Posts Tagged ‘vulnerability’

Katrina Red Tape..Saga Continues

February 21, 2013 Leave a comment

Check out this article in the The New York Times article (Katrina Red Tape) on the continued struggle of African-American homeowners in New Orleans, now eight years after Katrina. Geog 430 Students: Comments?  Observations?


A Village Called Versailles (Discussion Guide)

February 20, 2013 2 comments

The discussion guide provides important background for the screening of A Village Called Versailles.

January 30, 2013 3 comments

Informative piece on the relationship between indigenous communities and climate change. Consider this while you read Schlosberg and Carruthers next week.

RFF Library Blog

Brookings Institution / by Ilan Kelman and Marius Warg Næss

This paper explores anthropogenic climate change influencing displacement/migration for the Saami in Finland, Norway and Sweden near or above the Arctic Circle. Norway plays a large role throughout this discussion because (i) most residents in Arctic Scandinavia live in Norway, (ii) most indigenous peoples in Arctic Scandinavia live in Norway, and (iii) Norway is the only country of the three which has Arctic coastline…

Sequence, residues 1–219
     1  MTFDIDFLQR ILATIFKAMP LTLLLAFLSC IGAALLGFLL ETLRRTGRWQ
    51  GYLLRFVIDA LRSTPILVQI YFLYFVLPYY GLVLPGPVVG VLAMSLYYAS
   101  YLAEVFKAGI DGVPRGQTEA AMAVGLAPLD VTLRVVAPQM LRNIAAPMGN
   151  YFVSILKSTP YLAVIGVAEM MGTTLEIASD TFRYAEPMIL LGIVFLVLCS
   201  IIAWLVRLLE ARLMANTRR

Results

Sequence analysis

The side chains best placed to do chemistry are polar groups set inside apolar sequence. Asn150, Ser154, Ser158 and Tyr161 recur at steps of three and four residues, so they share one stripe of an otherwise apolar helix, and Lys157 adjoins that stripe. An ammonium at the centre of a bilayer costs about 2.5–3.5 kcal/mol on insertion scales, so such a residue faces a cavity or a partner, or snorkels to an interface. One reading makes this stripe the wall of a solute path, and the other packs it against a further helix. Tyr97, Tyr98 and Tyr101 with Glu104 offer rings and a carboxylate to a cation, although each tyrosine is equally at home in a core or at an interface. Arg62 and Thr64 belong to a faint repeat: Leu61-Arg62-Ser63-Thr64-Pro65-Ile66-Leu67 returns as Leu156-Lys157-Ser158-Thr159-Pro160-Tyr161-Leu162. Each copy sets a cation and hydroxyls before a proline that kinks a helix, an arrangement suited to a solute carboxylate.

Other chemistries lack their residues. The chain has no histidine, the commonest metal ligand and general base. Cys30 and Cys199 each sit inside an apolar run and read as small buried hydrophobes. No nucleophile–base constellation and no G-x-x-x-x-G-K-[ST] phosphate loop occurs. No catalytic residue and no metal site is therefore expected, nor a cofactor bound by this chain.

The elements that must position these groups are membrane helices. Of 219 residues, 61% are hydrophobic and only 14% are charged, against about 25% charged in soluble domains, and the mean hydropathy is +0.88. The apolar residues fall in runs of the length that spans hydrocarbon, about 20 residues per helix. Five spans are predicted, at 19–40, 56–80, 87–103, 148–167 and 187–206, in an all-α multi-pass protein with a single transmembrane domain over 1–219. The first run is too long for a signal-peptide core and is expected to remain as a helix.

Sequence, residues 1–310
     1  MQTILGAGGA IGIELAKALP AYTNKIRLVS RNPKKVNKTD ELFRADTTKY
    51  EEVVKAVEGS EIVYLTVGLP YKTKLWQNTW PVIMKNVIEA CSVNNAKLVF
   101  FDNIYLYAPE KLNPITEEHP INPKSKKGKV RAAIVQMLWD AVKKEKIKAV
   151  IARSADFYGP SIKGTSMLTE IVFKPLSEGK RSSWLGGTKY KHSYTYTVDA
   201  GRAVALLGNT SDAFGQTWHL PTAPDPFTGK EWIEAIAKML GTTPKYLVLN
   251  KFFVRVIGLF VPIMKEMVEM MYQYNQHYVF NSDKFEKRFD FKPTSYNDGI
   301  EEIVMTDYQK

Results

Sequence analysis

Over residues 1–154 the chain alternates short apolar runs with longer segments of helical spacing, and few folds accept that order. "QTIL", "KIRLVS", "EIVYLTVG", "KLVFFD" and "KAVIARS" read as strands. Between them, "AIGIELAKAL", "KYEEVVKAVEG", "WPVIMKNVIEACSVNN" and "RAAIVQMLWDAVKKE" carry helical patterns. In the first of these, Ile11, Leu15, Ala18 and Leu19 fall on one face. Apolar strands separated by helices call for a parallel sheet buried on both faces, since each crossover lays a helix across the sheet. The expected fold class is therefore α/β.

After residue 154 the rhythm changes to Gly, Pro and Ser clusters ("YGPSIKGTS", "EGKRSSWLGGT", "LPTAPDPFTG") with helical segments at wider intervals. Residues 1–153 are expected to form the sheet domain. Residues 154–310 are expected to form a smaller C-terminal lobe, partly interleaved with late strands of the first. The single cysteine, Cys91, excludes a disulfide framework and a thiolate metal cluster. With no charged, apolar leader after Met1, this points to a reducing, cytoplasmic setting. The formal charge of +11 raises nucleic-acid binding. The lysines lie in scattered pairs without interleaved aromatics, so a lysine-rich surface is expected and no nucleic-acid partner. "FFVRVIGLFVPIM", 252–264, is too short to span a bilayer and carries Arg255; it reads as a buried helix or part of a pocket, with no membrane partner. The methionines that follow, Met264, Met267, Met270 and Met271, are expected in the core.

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Why Race Matters After Sandy

January 26, 2013 1 comment

Manissa M. Maharawal

 by Manissa McCleave Maharawal and Isabelle Nastasia | Originally Published on Waging Nonviolence, December 11, 2012

During the fall of 1962, residents of the Bedford-Stuyvesant neighborhood of Brooklyn saw the trash accumulating on their sidewalks and realized that the city didn’t care about them the way it did about others. Their children had to play in stinky garbage while other neighborhoods had trees and parks. They complained to elected officials and the Sanitation Department, but the problem never got better. So, in response, they began organizing weekly garbage clean-ups across Bed-Stuy — a temporary solution — while also working toward a holistic solution to the abundance of garbage and the scarcity of city resources devoted to the area through on-the-ground organizing. For two years residents and members of the Brooklyn chapter of the Congress of Racial Equality (CORE) organized tirelessly for increased garbage collection, asserting over and over again…

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